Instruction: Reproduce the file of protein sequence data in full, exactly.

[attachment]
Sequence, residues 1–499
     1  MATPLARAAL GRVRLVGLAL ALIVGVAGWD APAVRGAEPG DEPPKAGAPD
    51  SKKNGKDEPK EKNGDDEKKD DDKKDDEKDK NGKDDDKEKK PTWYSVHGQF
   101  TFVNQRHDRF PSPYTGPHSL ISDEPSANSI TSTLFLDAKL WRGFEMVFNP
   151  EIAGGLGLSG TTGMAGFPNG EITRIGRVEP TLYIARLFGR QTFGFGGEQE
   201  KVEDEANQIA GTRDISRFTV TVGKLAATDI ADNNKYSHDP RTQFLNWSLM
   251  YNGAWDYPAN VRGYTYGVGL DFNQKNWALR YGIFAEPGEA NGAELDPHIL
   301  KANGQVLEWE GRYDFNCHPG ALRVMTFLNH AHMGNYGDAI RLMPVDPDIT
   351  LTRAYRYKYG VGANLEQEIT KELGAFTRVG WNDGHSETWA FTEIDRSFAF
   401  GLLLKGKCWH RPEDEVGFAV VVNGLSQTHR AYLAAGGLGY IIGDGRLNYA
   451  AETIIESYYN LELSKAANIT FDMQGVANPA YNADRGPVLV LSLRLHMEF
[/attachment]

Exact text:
Sequence, residues 1–499
     1  MATPLARAAL GRVRLVGLAL ALIVGVAGWD APAVRGAEPG DEPPKAGAPD
    51  SKKNGKDEPK EKNGDDEKKD DDKKDDEKDK NGKDDDKEKK PTWYSVHGQF
   101  TFVNQRHDRF PSPYTGPHSL ISDEPSANSI TSTLFLDAKL WRGFEMVFNP
   151  EIAGGLGLSG TTGMAGFPNG EITRIGRVEP TLYIARLFGR QTFGFGGEQE
   201  KVEDEANQIA GTRDISRFTV TVGKLAATDI ADNNKYSHDP RTQFLNWSLM
   251  YNGAWDYPAN VRGYTYGVGL DFNQKNWALR YGIFAEPGEA NGAELDPHIL
   301  KANGQVLEWE GRYDFNCHPG ALRVMTFLNH AHMGNYGDAI RLMPVDPDIT
   351  LTRAYRYKYG VGANLEQEIT KELGAFTRVG WNDGHSETWA FTEIDRSFAF
   401  GLLLKGKCWH RPEDEVGFAV VVNGLSQTHR AYLAAGGLGY IIGDGRLNYA
   451  AETIIESYYN LELSKAANIT FDMQGVANPA YNADRGPVLV LSLRLHMEF